My daughter is a great fan of all animals and loved the look of this paper model. The instructions in the video are very clear, but we found further, step-by-step instructions on the website.
The fish model (click on the video, above, to see how it is made) uses one A4 piece of paper and a few other scraps for the fins and the eyes. We made the fish the other day and had some fun talking about the instructions.
While we made our fish I tried to think of all the maths I could draw out of it. There’s plenty to do with shape, of course. We talked about the square we made at the beginning, and Sally was keen to check that all the sides were the same length. Then we looked at the different triangles that showed up when we folded the square. There was lots to talk about here.
Older children could think about the size of the angles created by the folds.
There are four triangles coming out of one 90 degree ‘corner’ here. It’s possible to calculate the size of those angles.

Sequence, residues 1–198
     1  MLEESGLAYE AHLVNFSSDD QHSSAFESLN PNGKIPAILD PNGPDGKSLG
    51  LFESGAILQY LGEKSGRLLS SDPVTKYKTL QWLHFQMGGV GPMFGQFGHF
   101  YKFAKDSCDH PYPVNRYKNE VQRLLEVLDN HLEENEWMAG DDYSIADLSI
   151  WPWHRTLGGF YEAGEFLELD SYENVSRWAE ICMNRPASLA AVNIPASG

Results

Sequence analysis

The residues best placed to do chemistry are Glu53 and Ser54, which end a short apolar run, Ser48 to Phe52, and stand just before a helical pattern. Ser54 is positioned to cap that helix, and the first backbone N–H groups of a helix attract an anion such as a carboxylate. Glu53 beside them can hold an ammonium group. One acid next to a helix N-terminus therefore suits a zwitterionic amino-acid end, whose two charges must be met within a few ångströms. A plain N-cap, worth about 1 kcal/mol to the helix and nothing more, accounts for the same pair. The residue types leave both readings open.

There are other angles that can be worked out too from knowledge of the properties of squares and triangles.
When we made all the cuts we did what they did in the video and just guessed. But we could have measured the diagonal fold line and divided this measurement so the cuts were all equally spaced.
When we cut out the shapes for the fins and the eyes Sally just wanted to get going with the scissors, but I helped her to fold the paper first so we could make each fin symmetrical.
[image credit: krokotak.com]
The fish from Krokotak.com is a great starting point for making fun paper models.
If your children enjoyed making it they might like this simple origami ‘jeep’ model.
This one is folded from only one piece of paper – and there are lots of ways to build in maths language. Details of how to make it, and suggestions for maths questions to ask are on the mathsticks.com website.